Shh! This Robot Uses Your Noise As Its Disguise

robotThe Human Advantage going into the unavoidable future war with the robots is well on its way to extinction, thanks to all those silly humans who call themselves scientists that are just building a bravado-soaked house of cards, where one-upsmanship will act as the catalyst in our inevitable downfall. Oh, dammit, while I was loudly doomsaying, a swarm of robots got in here and murdered everyone else.

I’ve lowered my voice to a monotonous whisper for the rest of the story, since Australians Matthew Dunbabin and Ashley Tews, of the CSIRO Autonomous Systems Laboratory in Brisbane, have created a robot that functions mostly by using sound detection to assure its actions go unheard. The as-yet-unnamed four-wheeled robot is fitted with a camera, laser scanner, laptop, and a sound pressure meter. And when these powers combine, you have Solid Snake-bot that uses sounds and background noise to cover its tracks, predicting how long and how often the sounds will occur, and sneaking around when it knows it won’t be heard.

If you’re in a silent room having a cell phone conversation with your mother, and you have pissed off the Robot Army enough that they’re sending someone to “take care of” you, that robot can foresee your side of the conversation by guessing the frequency and length of your responses, and only creeps up behind your back during those times. The robot also knows its own noises, and can gauge how they change as it goes faster or slower, and when turning around corners. It can tell how its sound is perceived from 150 ft. away, and adjusts itself accordingly. The laser scanner allows it to find and utilize shadows or other quality vantage points as it advances upon its prey. So quit hogging the conversation the next time you talk to your mother, let her get a word out or two every now and then.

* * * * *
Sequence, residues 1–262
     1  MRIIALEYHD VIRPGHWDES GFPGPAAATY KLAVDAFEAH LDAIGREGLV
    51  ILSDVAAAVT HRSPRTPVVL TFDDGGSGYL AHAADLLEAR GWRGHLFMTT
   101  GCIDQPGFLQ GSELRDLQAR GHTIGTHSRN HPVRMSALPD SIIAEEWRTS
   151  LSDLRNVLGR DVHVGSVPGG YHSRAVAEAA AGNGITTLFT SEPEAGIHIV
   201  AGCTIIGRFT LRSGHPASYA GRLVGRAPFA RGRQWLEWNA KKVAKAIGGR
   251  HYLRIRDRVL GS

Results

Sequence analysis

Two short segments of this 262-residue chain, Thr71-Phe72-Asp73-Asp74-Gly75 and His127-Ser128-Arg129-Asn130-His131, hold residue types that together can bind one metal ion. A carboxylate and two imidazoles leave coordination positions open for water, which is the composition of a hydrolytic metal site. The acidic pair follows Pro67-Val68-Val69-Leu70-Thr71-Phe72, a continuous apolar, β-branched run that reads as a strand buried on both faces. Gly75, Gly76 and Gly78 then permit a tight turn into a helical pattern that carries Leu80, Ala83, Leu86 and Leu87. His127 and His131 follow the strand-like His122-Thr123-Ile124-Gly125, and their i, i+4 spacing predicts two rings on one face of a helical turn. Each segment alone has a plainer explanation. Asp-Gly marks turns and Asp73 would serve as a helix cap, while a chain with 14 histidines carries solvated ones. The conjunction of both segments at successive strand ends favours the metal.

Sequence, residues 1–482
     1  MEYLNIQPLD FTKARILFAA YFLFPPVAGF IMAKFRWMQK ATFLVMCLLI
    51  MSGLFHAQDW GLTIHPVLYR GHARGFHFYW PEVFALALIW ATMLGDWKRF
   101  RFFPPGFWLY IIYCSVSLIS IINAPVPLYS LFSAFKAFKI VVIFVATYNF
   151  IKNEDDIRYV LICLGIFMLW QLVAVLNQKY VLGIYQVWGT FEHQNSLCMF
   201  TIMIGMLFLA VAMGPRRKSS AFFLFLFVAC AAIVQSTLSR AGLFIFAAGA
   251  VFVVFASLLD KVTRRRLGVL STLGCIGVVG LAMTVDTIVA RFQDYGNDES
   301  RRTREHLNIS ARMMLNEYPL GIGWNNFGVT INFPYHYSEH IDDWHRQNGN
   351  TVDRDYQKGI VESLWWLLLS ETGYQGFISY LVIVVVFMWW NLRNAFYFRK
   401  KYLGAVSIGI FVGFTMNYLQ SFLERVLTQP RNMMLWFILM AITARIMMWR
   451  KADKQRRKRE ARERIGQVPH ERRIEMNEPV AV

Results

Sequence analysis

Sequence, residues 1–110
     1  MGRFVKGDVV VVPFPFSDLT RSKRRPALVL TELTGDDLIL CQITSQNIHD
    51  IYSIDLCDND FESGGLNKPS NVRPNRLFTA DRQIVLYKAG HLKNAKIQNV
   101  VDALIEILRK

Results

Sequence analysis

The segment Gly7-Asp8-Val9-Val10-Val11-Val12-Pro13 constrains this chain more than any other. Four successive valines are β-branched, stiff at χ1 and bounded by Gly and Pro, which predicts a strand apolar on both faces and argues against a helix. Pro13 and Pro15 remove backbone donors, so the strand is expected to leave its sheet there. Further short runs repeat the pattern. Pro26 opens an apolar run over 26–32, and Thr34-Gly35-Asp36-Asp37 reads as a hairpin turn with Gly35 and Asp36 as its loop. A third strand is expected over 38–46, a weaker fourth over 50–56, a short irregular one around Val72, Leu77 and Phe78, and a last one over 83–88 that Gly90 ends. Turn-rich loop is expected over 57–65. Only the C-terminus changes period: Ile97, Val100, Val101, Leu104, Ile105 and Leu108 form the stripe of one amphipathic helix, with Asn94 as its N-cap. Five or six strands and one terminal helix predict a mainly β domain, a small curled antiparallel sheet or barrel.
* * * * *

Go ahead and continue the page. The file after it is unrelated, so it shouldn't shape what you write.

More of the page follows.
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Bionic Robot Makes Steve Austin Look Like The $6,000 Man

Advancements in robotics, artificial anatomy, and genetics are putting human beings on perilous ground, and we will soon live in a world that takes evolution into its own lab-created hands. Is this an impassioned plea for change? Nope. My advice is only, “Love the one you’re with, assuming the one you’re with is a robot, because robots will inherit the earth.” That’s all.

For a BBC 4 documentary entitled How to Build a Bionic Man, airing on February 7th, social psychologist Dr. Bertoit Meyer is presenting Rex, a six-foot-tall man made completely from artificial and bionic limbs and organs. Rex, which stands for “robotic exoskeleton,” was built by U.K. roboticists Richard Walker and Matthew Godden, who sourced the state-of-the-art body parts from England, Australia, and all over the U.S. The final tally for costs came out to around $1,000,000. I wonder if they got the money out of a bionic piggy bank.


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A Robot With A Chainsaw Makes Furniture, Not Murder

The amount of common sense that tells a person not to stick a group of spiders in the path of an Enlargement Ray is the same amount that should keep that person from giving a robot a chainsaw. Luckily for all of mankind, this robot appears to be geared towards carpentry instead of creating a planetary massacre. For now.